Wren suggested that Pioneer direct their lights downward rather than horizontally, which reduces the amount of light lost into the sky. 4 Aiming the lights in this way creates a more efficient light and, saves the company money due to decreased energy costs. This change has also provided companies with a safer working environment because the downward-pointing light does not cause glare like horizontally aimed lights do. Workers are better able to see instrument controls, which creates a safer and more efficient workplace. 5 

Wren’s work has now also expanded beyond Texas, and he has collaborated with the National Park Service to develop these light managing techniques in Utah. 6 According to Wren, it is critical to educate people about the problems associated with too much light in order to implement needed changes.

Wren has also been at the forefront of the movement to create legislation to reduce lights that are adversely affecting the night sky. As a result, a light ordinance was implemented in the seven counties surrounding the Permian Basin in 2011. Each county is responsible for writing and implementing its own ordinance to reduce light pollution in that area. This legislation will prevent more light pollution linked to an increasing population as oil and gas development in West Texas continues to grow. 7

For more information, contact Bill Wren, McDonald Observatory, University of Texas at Austin at wren@nexus.as.utexas.edu or (432) 426-3621.  

Notes:

  1. Rachel Gleason, “Astronomers Look to Protect Earth’s Dark Skies,” last modified May 8, 2014.
  2. International Dark-Sky Association, “IDA Energy Brochure” (2008).
  3. Laura Petersen, “Public Lands: Drilling Boom Brings ‘Light Pollution’ to Southwest’s Pristine Night Skies,” E & E News, March 12, 2014.
  4. Petersen, “Public Lands.”
  5. Gleason, “Earth’s Dark Skies.”
  6. Petersen, “Public Lands.”
  7. Talk At Ten Interview: Bill Wren,” by Rachel Osier Lindley, Marfa Public Radio, May 24, 2012.

Box 10. Examples of Education and Training Programs

Box 10. Examples of Education and Training Programs

Box 10. Examples of Education and Training Programs

San Antonio, TX (Eagle Ford Shale) – Educators in San Antonio, Texas are collaborating with energy firms to create a program that would give middle school and high school age students the opportunity to build a skillset that would prepare them for working in the oil and gas industry. By creating educational programs in communities affected by the increased presence of oil and gas development, the residents of those areas are given the opportunity to have a leg up in that job market. Local hiring would reduce the number of transient workers that would have to be hired from out of town. It will be an optional field of study meant to spark students’ interest in work in the energy field or college courses in related fields. As of April 2014, this project was in the planning stages, with the goal of having information about the project disseminated throughout the school system in the following months.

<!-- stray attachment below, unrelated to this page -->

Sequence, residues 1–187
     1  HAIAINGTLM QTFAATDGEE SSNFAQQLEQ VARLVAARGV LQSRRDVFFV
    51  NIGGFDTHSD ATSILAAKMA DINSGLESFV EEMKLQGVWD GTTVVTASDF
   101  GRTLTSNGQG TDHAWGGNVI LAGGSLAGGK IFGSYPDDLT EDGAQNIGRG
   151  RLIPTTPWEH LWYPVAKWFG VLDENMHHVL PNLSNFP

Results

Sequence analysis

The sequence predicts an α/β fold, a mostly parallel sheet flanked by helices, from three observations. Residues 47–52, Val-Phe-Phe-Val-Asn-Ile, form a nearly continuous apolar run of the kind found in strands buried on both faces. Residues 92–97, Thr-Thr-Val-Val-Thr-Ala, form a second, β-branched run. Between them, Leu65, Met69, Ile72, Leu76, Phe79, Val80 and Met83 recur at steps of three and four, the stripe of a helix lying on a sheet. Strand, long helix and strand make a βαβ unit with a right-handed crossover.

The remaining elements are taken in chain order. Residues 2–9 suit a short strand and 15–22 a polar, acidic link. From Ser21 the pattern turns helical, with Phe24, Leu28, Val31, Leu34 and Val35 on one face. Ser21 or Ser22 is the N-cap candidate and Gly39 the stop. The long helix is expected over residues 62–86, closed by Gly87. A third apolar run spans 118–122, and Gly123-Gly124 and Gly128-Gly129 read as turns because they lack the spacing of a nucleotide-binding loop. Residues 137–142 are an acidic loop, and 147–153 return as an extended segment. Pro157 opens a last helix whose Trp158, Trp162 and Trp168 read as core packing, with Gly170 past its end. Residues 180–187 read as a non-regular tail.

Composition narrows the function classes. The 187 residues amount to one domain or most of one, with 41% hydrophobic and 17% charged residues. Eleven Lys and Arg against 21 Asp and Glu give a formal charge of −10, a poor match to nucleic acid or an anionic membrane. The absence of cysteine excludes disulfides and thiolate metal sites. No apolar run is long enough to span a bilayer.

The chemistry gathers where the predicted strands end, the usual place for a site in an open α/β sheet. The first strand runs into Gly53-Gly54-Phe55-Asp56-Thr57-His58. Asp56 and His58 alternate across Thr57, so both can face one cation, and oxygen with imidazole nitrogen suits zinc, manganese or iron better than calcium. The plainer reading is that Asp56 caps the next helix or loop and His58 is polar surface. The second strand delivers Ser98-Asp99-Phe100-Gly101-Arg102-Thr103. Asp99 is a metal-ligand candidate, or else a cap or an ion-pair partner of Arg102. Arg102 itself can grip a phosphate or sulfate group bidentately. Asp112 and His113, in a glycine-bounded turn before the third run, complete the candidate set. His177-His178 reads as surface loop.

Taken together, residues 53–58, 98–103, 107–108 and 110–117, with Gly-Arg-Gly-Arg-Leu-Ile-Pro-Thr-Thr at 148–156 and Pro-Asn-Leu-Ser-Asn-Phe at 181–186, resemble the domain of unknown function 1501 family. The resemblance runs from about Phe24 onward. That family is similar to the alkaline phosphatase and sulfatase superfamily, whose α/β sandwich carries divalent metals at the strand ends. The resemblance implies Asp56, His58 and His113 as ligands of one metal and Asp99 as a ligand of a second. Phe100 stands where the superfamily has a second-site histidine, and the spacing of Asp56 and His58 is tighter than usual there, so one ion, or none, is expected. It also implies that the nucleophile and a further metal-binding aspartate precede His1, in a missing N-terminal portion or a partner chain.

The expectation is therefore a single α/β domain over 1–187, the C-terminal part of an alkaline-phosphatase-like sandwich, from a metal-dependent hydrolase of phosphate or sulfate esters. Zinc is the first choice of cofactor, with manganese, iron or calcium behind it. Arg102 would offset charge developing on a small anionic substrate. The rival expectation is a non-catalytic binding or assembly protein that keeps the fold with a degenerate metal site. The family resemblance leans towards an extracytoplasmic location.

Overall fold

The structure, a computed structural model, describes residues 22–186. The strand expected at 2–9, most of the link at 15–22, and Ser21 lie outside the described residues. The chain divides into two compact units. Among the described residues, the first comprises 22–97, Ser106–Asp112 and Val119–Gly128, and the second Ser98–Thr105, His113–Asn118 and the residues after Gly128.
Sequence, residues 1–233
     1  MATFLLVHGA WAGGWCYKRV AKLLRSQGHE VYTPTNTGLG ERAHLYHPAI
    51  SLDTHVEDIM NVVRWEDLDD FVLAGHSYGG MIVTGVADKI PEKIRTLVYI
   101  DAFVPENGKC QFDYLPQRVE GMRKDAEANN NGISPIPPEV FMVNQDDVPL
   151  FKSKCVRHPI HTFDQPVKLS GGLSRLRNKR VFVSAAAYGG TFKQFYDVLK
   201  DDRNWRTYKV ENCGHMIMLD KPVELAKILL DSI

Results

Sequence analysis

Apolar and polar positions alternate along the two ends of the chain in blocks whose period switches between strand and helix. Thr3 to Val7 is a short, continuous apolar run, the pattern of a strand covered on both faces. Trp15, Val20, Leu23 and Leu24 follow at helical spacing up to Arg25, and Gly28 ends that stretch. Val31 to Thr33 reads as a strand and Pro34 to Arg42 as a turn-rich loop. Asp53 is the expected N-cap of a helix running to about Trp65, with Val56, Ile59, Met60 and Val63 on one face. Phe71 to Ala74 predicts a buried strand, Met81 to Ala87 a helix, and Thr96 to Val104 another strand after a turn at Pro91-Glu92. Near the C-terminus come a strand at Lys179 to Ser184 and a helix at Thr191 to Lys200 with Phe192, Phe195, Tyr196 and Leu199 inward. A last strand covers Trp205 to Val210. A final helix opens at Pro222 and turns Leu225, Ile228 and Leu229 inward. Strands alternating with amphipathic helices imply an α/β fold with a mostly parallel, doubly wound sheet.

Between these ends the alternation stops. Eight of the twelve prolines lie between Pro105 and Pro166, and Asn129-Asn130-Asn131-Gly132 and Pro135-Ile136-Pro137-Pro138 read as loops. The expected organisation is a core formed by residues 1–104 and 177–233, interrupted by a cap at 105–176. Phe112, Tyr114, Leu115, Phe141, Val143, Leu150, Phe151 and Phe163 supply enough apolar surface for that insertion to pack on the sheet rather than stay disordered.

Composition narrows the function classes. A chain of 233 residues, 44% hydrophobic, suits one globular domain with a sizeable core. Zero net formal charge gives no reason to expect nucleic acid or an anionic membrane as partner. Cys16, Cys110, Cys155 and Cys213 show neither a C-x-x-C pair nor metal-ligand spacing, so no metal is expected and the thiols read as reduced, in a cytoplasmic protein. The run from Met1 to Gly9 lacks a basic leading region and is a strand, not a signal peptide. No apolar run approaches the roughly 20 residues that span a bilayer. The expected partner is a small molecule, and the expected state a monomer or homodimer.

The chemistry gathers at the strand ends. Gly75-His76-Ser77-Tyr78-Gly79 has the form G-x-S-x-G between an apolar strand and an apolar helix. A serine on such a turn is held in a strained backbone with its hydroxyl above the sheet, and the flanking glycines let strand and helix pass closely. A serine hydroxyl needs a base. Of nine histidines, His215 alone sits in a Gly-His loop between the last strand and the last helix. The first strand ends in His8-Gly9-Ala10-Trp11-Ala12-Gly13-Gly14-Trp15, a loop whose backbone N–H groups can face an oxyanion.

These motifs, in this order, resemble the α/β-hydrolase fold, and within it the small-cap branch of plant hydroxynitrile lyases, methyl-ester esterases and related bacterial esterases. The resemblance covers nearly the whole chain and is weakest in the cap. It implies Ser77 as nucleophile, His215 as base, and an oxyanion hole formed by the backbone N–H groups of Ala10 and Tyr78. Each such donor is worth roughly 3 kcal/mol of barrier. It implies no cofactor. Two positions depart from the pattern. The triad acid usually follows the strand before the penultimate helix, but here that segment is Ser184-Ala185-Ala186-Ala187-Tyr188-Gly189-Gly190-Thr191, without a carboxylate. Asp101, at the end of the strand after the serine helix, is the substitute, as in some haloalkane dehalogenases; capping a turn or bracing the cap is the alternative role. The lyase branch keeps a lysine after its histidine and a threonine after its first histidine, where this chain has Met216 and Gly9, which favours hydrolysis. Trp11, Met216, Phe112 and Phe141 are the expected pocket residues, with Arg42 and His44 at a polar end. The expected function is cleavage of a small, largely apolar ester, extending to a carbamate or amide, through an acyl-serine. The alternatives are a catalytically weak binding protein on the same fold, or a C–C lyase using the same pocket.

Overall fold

ShaleNet: Pennsylvania, Ohio, West Virginia (Marcellus and Utica Shales) – The ShaleNet program was developed in 2010 by members of Westmoreland County Community College in Youngwood, Pennsylvania with the goal of meeting specific demands of the oil and gas job market. The program received funding through a grant from the U.S. Department of Labor Employment and Training Administration. With that financial support, the college developed a job training program to prepare a new corps of workers for high-demand jobs in the oil and gas industry. The program offers a range of credentials, including training courses that are several weeks long, one- or two-year degree certificates, associates degrees, and a bachelor’s degree in Technology Management. The program partners with educational institutions to provide the training and education programs and works with industry partners to connect learners to upstream, midstream, and downstream careers in the oil and gas industry. It serves as a way for people with an interest in working in the oil and gas industry to obtain the required knowledge and skillsets for the job they want. By June 2013, the program had 20 training providers across 4 states, and had trained 5,000 people, connecting 3,400 of them with jobs. For more information on the program, contact a ShaleNet career counselor.

Shale Education and Training Center (ShaleTEC): Pennsylvania (Marcellus and Utica Shales) – A collaboration of the Pennsylvania College of Technology and Penn State Extension, the Shale Training and Education Center offers courses in applied technology, such as heavy equipment operation and civil engineering, as well as community-focused topics such as land and leasing; environment and water quality; and first responder training. The Pennsylvania College of Technology is the lead implementing partner in the ShaleNet program. The ShaleTEC program was created with the goal of building an “educational pipeline” of skilled technicians that would feed into the energy industry. Since the program’s creation in 2008, over 8,500 people have participated in its oil and gas-related courses. 1